An Irish man and an apple tree

I thought the magic orchard was going to be my last winter pruning job this year but I was visiting another neighbour who I hadn’t seen in ages and realised I had another pruning job left to do. I had tended to these trees once (maybe twice) before and I actually grafted the younger ones in my own little nursery back in 2018 or thereabouts. So I was very interested to see how these little trees were getting on, and in particular how they were shaping up.

Central-leader apple trees

I generally favour a central-leader shaped fruit tree (think Christmas tree shape with one central trunk) over the open-centered shape conventionally favoured in gardening books. Basically each shape has it’s own merits but the central-leader shape is more natural for apple trees and should involve less maintenance. I go into the detail on this on my summer and winter one-day pruning courses.

Using local, renewable and recycled materials in permaculture orchard care

The younger trees needed some shaping and we achieved by some formative pruning and by bending down or splaying out the competing leaders with rubber ties and wooden pegs respectively to turn them into main, more horizontally-angled branches, called scaffolds in orchard terminology. I make the rubber ties by cutting up old bicycle inner-tubes to the length and width I need. I stock up on a couple of boxes of them every year as they have endless uses for the creative permaculture designer, especially if you do orchard work. The people in the bike shop I go to are happy to give them away for free as they are otherwise a waste item that they pay to dispose of. They are genuinely happy to divert their material to good uses. Circular Economy – it would be a great name for a bike shop…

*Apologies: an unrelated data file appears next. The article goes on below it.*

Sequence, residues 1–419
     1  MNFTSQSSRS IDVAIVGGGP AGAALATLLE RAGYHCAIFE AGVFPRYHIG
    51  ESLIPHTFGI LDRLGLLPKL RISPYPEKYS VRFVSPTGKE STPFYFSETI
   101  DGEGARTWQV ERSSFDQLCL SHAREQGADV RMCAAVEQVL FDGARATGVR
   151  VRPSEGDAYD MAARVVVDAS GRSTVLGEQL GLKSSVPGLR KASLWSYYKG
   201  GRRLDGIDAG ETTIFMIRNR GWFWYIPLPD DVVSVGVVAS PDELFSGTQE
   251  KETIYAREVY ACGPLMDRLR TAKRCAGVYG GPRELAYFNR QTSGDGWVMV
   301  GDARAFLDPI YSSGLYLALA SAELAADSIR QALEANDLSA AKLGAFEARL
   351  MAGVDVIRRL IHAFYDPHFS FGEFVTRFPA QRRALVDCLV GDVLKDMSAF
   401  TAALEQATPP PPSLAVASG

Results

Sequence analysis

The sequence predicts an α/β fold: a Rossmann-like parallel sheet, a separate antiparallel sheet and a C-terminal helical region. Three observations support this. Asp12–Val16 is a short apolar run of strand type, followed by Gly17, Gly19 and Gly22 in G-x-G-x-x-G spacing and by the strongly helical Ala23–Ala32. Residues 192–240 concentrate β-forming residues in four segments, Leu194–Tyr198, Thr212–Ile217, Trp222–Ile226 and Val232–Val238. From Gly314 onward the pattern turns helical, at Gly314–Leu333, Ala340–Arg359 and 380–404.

The splaying pegs are an even more elegant solution where there is a suitable place to anchor them on the tree. I always easily find material on site (not apple as this could harbour a relevant disease) to make the pegs from. Willow is usually my go to, having nicely angled branches to serve as anchors.

Drainage magic on the mountain

I also tended to the older orchard up on top of the hill. It always seemed an odd place for an orchard as although it is a relatively well drained field, it is literally on top of a mountain with a near panoramic view and is completely open to the south and southwest winds (in the Southwest of Ireland!). Two of the trees had pretty bad canker as may be expected but amazingly two of them were doing well and the owner says that orchard gives apples every year.

Seeing this underlines some important points in orchard design

  • Choose varieties and rootstock suitable to the site conditions.
  • Apple orchards universally benefit from good drainage
  • A healthy dose of magic always helps : )

Leave a Reply

Your email address will not be published. Required fields are marked *